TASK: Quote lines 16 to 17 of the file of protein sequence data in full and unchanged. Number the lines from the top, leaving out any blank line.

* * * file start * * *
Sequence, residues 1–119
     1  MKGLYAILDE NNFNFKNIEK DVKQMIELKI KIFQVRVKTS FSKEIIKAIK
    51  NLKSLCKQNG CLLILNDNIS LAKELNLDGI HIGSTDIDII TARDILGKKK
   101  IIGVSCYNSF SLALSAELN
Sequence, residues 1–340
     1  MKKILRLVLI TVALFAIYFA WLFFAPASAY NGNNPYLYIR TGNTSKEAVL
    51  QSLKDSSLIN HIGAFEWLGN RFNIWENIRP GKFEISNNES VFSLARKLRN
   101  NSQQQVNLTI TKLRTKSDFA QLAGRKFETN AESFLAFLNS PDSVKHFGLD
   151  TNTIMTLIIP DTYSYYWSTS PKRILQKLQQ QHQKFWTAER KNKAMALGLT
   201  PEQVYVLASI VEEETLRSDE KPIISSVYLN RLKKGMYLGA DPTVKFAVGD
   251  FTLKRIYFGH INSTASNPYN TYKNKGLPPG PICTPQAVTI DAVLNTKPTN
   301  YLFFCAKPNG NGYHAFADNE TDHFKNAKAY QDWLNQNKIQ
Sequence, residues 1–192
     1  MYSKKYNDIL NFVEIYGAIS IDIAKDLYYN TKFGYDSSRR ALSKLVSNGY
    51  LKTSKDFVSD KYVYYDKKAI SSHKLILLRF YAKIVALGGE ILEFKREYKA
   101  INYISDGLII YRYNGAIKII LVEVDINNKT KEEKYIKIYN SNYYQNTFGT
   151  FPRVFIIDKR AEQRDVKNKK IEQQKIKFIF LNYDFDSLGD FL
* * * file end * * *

   101  INYISDGLII YRYNGAIKII LVEVDINNKT KEEKYIKIYN SNYYQNTFGT
   151  FPRVFIIDKR AEQRDVKNKK IEQQKIKFIF LNYDFDSLGD FL